Update: Healthy Process Stakeholder Meeting Responses

How do we embed healthy processes in congregational life? And what makes a process healthy? Members explored these questions as we seek to build greater transparency in decision-making and to share their perspectives on the elements of healthy process. Meetings were also held on June 28, July 25 & August 23.  So what makes a process “healthy” or “good”? Here are some responses:

Responses from the June 28 meeting (13 participants) were:

  • Adds value
  • Fosters listening
  • Respectful
  • Authenticity
  • Transparency
  • Lots of worker bees
  • Discerning, but not critical
  • Willingness to let the process go in a direction different from the original intent (open-ended)
  • Generates reliable outputs
  • The process engages relationships and connections and generates a sense of “we”
  • Looks at all the different angles
  • A sense of humor and recognizing and accepting that we are not perfect
  • The communication of output is an honest representation of what occurred
  • The whole is better than the sum of its parts
  • Collaboration
  • Seeks input from all stakeholders
  • Needs to be understood and people need to be committed to it
  • Scaleable

Responses from the July 25 meeting were:

  • People feel heard
  • Transparency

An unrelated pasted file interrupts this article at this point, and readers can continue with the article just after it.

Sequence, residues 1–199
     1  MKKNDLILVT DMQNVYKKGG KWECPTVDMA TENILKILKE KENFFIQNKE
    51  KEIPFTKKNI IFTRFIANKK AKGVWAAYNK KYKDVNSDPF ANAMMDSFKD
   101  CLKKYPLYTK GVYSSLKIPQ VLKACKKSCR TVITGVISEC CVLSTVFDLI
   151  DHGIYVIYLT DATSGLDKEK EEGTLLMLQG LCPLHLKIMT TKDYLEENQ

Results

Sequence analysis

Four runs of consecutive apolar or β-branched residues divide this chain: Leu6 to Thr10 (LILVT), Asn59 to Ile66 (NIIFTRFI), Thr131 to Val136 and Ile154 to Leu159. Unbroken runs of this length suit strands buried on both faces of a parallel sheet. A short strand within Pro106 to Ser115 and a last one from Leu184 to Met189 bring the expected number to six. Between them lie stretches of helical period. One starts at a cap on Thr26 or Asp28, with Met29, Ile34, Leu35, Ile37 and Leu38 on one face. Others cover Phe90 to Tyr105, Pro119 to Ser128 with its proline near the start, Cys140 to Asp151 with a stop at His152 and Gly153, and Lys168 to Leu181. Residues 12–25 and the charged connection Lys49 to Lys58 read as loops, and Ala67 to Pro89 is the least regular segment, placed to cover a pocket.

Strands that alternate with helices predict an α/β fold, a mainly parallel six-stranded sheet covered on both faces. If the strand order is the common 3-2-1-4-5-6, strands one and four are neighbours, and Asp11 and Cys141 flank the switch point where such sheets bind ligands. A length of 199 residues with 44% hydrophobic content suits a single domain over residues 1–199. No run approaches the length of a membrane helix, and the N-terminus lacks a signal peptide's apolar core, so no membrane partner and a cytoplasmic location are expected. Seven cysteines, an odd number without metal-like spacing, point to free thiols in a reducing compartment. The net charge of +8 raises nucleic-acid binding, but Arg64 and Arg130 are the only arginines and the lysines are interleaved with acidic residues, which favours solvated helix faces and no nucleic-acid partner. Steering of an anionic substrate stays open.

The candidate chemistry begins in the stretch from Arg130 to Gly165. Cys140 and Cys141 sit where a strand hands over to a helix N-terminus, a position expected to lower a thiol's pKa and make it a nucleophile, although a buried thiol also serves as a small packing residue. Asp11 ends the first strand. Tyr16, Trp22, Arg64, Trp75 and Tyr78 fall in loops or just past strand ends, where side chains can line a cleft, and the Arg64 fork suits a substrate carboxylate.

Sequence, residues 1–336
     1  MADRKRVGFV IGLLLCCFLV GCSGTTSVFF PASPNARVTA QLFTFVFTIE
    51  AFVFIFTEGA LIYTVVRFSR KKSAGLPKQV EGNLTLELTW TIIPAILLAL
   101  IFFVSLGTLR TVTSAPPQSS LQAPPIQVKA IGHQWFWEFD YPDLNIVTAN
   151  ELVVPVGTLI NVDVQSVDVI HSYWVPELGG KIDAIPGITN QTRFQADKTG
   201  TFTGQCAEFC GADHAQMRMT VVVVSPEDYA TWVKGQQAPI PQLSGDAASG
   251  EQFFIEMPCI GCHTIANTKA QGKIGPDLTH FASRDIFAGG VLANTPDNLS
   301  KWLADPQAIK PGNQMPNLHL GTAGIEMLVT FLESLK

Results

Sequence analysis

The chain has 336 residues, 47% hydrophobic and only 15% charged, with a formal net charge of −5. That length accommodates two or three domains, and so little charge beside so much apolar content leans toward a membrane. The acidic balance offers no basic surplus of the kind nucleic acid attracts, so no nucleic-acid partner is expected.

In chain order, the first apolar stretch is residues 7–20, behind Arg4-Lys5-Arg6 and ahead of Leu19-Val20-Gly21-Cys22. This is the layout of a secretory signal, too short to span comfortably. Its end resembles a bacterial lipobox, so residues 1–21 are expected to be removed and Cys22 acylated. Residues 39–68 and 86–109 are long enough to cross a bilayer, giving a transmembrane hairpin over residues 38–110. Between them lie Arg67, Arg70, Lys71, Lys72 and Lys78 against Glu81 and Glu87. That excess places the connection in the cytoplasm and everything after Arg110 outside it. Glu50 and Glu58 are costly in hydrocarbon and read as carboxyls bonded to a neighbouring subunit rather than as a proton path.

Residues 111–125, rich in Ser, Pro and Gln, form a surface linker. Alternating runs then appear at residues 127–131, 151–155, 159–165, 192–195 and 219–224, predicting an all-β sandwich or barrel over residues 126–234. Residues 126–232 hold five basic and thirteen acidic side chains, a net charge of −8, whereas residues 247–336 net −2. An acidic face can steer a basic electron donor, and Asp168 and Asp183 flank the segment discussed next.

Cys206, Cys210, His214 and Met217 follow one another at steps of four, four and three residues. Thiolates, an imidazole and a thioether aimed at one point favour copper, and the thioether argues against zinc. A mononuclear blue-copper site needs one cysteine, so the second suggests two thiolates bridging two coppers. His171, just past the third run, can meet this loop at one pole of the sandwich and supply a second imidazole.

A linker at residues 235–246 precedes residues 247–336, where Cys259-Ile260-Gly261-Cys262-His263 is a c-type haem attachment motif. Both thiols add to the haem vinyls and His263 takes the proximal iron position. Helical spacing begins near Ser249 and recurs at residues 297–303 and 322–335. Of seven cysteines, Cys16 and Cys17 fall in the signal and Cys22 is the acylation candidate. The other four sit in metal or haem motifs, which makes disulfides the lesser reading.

• No hidden agendas
  • Inclusiveness
  • Information provided about all points of view
  • Interactive and communal
  • Respected leadership and respectful leadership
  • Offer different ways to participate
  • Accountability
  • Environment of safety
  • Expectation of mutual respect
  • Expectation of honesty
  • People honor the process
  • People are willing to listen with an open mind
  • Process builds and strengthens community
  • No hitting
  • People are invested/committed to process and to the community
  • Defined scope

In addition, participants at the July 25 meeting identified actions that might undermine good process:

  • Monopolizers
  • Unpreparedness
  • Unwillingness to compromise or be persuaded
  • Participant who is NOT engaged in the process (member or leader)
  • Leader with a preconceived conclusion
  • Combative attitude (negative)
  • Participants who form an attachment to a particular outcome
  • Fear…of losing power, control, prestige
  • Jealousy and personal animosities
  • Process left lingering resentment (process triggers)

Coming soon… Responses from the August 23 meeting